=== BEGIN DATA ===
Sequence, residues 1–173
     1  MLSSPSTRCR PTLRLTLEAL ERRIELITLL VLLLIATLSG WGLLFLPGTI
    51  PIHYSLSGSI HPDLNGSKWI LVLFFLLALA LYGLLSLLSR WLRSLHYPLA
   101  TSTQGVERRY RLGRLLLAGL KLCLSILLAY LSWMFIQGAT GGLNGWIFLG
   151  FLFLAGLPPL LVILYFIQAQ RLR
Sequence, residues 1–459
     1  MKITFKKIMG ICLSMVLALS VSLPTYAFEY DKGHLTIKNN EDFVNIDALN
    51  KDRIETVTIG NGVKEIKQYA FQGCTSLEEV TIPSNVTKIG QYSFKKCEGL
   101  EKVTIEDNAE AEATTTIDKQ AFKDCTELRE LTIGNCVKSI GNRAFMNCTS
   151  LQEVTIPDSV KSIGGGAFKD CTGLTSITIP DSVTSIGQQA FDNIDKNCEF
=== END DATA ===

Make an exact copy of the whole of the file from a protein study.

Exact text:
Sequence, residues 1–173
     1  MLSSPSTRCR PTLRLTLEAL ERRIELITLL VLLLIATLSG WGLLFLPGTI
    51  PIHYSLSGSI HPDLNGSKWI LVLFFLLALA LYGLLSLLSR WLRSLHYPLA
   101  TSTQGVERRY RLGRLLLAGL KLCLSILLAY LSWMFIQGAT GGLNGWIFLG
   151  FLFLAGLPPL LVILYFIQAQ RLR
Sequence, residues 1–459
     1  MKITFKKIMG ICLSMVLALS VSLPTYAFEY DKGHLTIKNN EDFVNIDALN
    51  KDRIETVTIG NGVKEIKQYA FQGCTSLEEV TIPSNVTKIG QYSFKKCEGL
   101  EKVTIEDNAE AEATTTIDKQ AFKDCTELRE LTIGNCVKSI GNRAFMNCTS
   151  LQEVTIPDSV KSIGGGAFKD CTGLTSITIP DSVTSIGQQA FDNIDKNCEF